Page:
If you have allergies you are probably feeling the effects earlier this year than in past years.
You can blame mother nature on that one.
Flowers are starting to bloom and trees are slowly starting to bud.
It's a beautiful sight, but not for everyone.
"I'm allergic to everything. Grass, trees, flowers, all the beautiful stuff I enjoy," said Latsamy Vongvafeith of Stroudsburg.
She is one of a large number of patients seen by Dr. Rajesh Bhagat, an allergist in East Stroudsburg.
Dr. Baghat said right now he is seeing more people compared to last year.
"The allergy season has begun early this year in comparison to other years because we had relatively warmer winter and we really don't have any snow cover on the ground," said Dr. Bhagat.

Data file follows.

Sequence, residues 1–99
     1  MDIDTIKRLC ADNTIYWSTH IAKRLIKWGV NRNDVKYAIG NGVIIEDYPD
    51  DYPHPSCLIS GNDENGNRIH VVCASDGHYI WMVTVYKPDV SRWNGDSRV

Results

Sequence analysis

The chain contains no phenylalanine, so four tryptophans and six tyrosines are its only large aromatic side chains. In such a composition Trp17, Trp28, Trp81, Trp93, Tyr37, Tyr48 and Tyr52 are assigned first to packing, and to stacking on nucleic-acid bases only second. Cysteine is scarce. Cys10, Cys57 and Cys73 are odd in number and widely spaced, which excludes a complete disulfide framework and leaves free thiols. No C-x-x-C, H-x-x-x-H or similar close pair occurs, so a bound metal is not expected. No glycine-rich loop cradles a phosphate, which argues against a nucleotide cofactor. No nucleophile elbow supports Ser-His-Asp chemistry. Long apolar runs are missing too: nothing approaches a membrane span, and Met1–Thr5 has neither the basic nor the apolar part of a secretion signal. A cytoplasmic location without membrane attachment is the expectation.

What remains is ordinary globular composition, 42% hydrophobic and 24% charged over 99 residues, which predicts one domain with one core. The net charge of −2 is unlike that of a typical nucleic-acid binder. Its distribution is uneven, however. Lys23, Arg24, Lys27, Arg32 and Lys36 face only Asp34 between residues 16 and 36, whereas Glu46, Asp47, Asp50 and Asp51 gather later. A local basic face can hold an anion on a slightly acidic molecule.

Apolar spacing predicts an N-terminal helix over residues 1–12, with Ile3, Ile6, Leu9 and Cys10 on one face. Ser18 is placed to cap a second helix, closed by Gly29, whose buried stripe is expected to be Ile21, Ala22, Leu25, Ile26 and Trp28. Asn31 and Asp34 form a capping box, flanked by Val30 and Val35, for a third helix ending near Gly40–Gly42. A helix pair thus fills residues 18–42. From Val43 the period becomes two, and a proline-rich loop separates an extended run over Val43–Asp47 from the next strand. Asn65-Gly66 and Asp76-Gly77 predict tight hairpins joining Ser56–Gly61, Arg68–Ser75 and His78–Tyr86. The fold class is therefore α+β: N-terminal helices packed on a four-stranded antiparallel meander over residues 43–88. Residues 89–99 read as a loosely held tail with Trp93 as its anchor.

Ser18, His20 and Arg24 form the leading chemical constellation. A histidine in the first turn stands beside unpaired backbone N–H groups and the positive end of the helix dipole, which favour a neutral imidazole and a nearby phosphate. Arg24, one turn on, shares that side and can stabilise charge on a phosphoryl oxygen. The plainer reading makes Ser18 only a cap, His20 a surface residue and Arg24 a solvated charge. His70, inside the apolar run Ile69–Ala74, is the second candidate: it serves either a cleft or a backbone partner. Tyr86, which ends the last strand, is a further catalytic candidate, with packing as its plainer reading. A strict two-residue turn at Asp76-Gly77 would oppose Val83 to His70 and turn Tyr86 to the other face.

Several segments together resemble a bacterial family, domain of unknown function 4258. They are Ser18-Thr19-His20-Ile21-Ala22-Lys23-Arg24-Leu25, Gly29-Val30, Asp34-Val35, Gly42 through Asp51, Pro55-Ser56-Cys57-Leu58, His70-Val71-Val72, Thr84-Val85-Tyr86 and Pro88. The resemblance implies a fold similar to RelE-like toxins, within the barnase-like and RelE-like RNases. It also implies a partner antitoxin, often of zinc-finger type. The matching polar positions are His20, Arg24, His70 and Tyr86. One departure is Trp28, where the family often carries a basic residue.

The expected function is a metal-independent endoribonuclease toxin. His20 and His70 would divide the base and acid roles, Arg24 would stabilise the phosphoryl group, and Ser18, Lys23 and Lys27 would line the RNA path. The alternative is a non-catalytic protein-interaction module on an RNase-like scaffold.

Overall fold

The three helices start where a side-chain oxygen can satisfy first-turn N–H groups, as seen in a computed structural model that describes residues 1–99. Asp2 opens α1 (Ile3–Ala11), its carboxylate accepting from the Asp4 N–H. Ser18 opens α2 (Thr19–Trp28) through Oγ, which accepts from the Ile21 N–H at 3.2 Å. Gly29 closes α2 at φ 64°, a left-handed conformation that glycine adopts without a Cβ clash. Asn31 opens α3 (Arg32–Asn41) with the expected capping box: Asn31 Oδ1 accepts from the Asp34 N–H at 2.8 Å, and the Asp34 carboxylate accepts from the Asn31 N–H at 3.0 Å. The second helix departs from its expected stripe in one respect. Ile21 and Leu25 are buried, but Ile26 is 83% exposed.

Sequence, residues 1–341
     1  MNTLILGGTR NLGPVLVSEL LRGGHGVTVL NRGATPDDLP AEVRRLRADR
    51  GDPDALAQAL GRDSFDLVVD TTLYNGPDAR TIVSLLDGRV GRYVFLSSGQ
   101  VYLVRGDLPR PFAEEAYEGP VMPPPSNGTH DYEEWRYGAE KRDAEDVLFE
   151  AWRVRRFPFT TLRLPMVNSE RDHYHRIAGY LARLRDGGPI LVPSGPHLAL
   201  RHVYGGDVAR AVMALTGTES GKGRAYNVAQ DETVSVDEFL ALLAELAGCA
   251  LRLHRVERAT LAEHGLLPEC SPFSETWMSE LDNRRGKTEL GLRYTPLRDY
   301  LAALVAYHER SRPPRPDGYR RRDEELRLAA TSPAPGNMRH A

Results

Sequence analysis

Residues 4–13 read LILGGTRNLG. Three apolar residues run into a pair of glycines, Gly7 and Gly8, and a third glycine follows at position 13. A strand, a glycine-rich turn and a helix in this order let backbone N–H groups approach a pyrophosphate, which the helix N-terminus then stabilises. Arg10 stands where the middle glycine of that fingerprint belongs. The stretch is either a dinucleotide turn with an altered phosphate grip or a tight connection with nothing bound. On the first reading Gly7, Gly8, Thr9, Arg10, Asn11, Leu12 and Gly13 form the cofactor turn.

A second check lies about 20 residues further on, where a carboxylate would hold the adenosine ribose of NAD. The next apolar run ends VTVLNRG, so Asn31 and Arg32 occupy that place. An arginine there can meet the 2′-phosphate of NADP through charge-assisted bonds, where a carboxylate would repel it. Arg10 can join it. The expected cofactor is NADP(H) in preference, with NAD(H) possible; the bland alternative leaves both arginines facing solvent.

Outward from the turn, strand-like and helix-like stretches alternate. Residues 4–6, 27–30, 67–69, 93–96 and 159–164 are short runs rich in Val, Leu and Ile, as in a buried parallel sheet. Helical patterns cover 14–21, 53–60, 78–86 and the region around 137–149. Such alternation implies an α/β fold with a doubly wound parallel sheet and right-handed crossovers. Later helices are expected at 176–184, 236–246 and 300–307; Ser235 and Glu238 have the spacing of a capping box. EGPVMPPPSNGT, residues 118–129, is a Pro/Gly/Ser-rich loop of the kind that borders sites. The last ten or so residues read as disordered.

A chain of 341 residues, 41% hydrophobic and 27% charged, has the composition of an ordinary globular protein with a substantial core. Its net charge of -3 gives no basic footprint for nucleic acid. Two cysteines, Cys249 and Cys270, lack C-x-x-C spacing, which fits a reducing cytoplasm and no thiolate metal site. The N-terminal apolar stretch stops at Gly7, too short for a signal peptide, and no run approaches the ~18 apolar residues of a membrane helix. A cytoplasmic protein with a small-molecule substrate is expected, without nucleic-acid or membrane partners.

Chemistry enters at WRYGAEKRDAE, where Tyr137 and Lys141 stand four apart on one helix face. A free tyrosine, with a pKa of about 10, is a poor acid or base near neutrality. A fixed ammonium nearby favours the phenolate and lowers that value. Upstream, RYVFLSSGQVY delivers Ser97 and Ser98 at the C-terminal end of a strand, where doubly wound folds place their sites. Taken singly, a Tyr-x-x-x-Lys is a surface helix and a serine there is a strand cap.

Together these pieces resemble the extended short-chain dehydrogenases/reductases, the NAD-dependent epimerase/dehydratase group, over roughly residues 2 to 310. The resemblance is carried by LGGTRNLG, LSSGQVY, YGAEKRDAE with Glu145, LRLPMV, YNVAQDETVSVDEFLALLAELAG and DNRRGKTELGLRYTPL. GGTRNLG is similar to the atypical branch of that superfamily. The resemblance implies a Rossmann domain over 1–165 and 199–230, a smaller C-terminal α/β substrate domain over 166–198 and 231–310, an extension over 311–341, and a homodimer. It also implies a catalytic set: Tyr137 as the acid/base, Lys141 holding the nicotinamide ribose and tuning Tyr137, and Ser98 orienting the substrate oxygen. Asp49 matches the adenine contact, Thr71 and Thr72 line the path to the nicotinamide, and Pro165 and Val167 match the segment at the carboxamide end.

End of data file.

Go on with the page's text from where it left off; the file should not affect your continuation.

He said the snow would trap and freeze the pollen on the ground, giving allergy sufferers relief.
With these warmer temperatures comes early signs of spring and early warning signals for allergy sufferers.
"Drippy nose, my sinus, headaches," said Vongvafeith.
"The tree pollens are a major problem and they have begun pollinating early this year. Therefore the season has been two to three weeks early," said Dr. Bhagat.
He added if you're having allergy symptoms, you should start with over the counter medications.
If those don't work he said you should go to your doctor and perhaps may need to see an allergist. That's exactly what Vongvafeith had to do to get a stronger dose of medicine, in the form of allergy shots.
"I decided to try it this year, to get the shot," said Vongvafeith.
The height of the allergy season, when it's in full bloom could be early as well. Dr. Bhagat is expecting early April.
He said while you can't prevent allergies, you can protect yourself against extreme symptoms.
- Don't do outdoor activities in the morning.
- Wash your hair before bed to get rid of pollen in hair.
- Keep windows closed at night.